However there appear to be a lot of delays around the country due to a pretty bad storm moving across the eastern part of the United States. I have no idea if that is creating a residual effect at Newark as according to the weather things look good up there.

Right now most of my flight information is coming from a Brit who has been checking online. The few gate personnel for United are swamped with Chicago passengers but none have gotten here for the Newark flight. Allegedly it is on the way.

Despite the delay my spirits are good and I am not too badly out of sorts despite the building crowds of people that appear to be growing more restless by the moment. Of course the fact that I have self medicated with a couple of pints of Sam Adams doesn’t hurt any and if delayed longer I can always have another. It could be worse. I could be flying through Chicago, Charlotte or Atlanta which are all being hammered by nasty weather.

However all that being said some of the people sitting near me. I have been talking with a German lady whose husband is retired US Army in German, it is good to hear her say what good German that I speak. One gentleman was supposed to leave here this morning at 0700 who will because of multiple delays not leave Newark until 10PM on a trip to Milwaukee. That would suck.

Hopefully I make my connection and get to Houston this evening, but for once I am not going to sweat the details. My aircraft has arrived, this still might work.

More whenever,

Peace

Padre Steve+

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Filed under Loose thoughts and musings, travel

Fly the Friendly Skies of PTSD: Padre Steve Takes to the Air Yet Again

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“There are only two emotions in a plane, boredom and terror” Orson Welles

So once again my air travel begins with an adventure, thankfully I am doing better and have learned a few things about traveling with PTSD over the past few years.

Air travel, especially having to go through crowed airports still terrifies me. Today I am traveling to Houston for a chaplain training symposium, part of which will deal with PTSD treatment. While there I will be touring to VA Medical Center and I have been tasked by my Commanding Officer to see what they are doing in regard to dealing with Peer Support to PTSD injured personnel and to their families.

The family piece has been slow to develop and the military, VA and others are now just beginning to wrap their heads around the issue of how to deal with the impacts of PTSD on the family. I think that part of the reason for this is that the military has had to figure out PTSD all over again since the current wars began in 2001. Since most of our previous experience came out of Vietnam where the majority of soldiers were single draftees who left the service after doing their time we did not really have much experience dealing with what happens when a soldier makes multiple deployments, is traumatized and has to deal with family issues while remaining in the high stress world of the military.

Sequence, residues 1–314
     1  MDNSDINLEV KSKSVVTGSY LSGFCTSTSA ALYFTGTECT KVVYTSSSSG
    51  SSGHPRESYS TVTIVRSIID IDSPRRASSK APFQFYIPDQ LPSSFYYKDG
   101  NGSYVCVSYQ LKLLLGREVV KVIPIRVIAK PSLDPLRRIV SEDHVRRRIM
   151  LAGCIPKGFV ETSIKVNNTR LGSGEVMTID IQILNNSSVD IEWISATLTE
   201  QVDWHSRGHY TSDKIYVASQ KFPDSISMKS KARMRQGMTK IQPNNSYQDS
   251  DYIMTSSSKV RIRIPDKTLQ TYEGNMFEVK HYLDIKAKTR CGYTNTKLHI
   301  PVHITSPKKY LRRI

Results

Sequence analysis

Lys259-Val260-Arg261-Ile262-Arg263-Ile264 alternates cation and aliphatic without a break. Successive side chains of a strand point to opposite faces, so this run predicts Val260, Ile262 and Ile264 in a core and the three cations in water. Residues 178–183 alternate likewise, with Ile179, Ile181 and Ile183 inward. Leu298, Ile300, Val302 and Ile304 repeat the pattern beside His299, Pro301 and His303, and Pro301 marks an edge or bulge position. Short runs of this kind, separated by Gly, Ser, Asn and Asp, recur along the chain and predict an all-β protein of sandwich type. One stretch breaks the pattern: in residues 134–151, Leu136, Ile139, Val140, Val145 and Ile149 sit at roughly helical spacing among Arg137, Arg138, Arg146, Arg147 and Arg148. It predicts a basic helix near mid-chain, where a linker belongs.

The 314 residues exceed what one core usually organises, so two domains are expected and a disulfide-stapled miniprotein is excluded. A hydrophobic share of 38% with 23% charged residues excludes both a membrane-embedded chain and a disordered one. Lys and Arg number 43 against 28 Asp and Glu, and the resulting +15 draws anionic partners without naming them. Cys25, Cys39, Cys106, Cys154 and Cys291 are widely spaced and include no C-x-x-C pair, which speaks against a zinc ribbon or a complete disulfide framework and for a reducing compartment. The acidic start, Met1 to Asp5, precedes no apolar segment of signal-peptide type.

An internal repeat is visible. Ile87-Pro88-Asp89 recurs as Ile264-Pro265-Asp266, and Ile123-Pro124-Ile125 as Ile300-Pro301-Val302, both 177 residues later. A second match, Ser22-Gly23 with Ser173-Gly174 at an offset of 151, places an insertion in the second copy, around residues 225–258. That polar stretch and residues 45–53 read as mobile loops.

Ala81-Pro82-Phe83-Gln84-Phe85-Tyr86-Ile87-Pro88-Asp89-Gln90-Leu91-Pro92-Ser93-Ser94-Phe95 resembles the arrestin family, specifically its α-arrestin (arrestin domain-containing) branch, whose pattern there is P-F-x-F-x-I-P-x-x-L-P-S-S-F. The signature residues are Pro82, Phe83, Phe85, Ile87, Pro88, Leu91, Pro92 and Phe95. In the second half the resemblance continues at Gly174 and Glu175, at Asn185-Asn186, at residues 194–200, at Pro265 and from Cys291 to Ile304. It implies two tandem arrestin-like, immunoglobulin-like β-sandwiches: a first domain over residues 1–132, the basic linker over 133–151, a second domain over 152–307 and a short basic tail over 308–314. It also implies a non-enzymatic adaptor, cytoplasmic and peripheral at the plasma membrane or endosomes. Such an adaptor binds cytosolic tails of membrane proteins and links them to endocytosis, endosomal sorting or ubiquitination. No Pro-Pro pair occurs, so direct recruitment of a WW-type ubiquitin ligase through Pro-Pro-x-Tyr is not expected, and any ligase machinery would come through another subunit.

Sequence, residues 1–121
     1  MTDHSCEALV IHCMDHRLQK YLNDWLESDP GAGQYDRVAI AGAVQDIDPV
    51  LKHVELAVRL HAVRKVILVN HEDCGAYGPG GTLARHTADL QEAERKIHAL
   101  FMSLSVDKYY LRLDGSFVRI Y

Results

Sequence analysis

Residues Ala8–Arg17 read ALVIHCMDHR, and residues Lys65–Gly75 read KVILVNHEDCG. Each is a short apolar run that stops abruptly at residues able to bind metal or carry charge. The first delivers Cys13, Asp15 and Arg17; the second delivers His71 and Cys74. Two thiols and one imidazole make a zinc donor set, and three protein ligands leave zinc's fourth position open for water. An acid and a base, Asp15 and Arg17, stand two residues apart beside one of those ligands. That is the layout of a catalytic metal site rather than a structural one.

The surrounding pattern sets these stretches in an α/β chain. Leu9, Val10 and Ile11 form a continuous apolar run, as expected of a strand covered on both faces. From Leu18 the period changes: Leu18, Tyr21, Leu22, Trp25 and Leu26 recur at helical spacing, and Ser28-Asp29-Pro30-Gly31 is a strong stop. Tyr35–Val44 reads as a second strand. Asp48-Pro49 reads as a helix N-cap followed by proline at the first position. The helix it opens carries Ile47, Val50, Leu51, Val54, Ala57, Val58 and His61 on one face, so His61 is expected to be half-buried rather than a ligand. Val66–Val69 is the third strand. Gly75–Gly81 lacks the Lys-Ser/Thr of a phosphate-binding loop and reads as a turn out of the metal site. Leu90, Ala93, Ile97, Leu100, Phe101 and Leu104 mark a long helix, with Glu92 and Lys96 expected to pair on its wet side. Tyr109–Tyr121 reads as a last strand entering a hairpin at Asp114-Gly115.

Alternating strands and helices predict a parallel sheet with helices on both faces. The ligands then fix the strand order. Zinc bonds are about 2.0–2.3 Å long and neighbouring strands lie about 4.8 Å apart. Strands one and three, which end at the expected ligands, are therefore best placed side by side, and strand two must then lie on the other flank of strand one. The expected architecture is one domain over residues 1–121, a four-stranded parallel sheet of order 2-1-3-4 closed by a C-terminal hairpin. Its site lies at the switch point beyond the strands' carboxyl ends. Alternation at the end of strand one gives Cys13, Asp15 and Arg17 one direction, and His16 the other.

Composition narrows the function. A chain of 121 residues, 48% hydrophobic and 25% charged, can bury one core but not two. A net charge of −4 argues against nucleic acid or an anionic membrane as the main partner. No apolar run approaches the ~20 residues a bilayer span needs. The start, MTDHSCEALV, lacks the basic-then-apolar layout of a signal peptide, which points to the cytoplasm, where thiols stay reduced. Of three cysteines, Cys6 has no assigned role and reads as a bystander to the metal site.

Of course I can testify that it does have a huge impact on the family. My marriage was in bad shape after Iraq as Judy and I both tried to figure out what the “new normal” was in our marriage. Even when I started to get better the process of re-setting the relationship was incredibly difficult and required a lot of adjustment. Since we have known each other for close to 35 years and been married for almost 30 I can only imagine what a newly married couple, or a couple married just a few years with young children go through. I see a lot of these young men and women in my work and know their stories and difficulties so my interest in this is quite personal on a number of levels.

Anyway, returning to the trip. I got to my flight and of course it was overbooked. That is par for the course, at least the Norfolk airport was relatively sedate today. However, they airline needed to board a flight crew and was getting ready to force passengers off the plane. They offered a $500 voucher and meal coupons and promised to get me to my destination this evening. Since the flight that I was booked on was running late and my connection time was next to nothing at Dulles Airport in Washington DC I volunteered to take the voucher. Most of my worst experiences flying have occurred at Dulles and I never enjoy making a connection there. They booked me on a later flight that goes through Newark which puts me in about 5 hours later than I would have arrived if I was able to make my connection. The layover allows me to relax a bit between flights and not rush. I can handle that.

When I fly I am almost always in a panic mode. I no longer enjoy it. Air travel today is like being a steerage passenger on the Titanic unless you have lots of money to fly First Class. Crowded flights, bad baggage service and less than friendly airports are the norm. If I had the time to take I would drive almost anywhere rather than to fly. I have flown First Class a couple of times, but only because the airlines upgraded me. The best was a British Air flight from Madrid to London where I flew with former Secretary of State Madeline Albright. They actually give you really metal eating utensils, plates and glasses.

My last couple of flights have been filled with more drama than I would like, so in light of the fact that I was having to connect through my least favorite airport in the world I don’t mind the delay.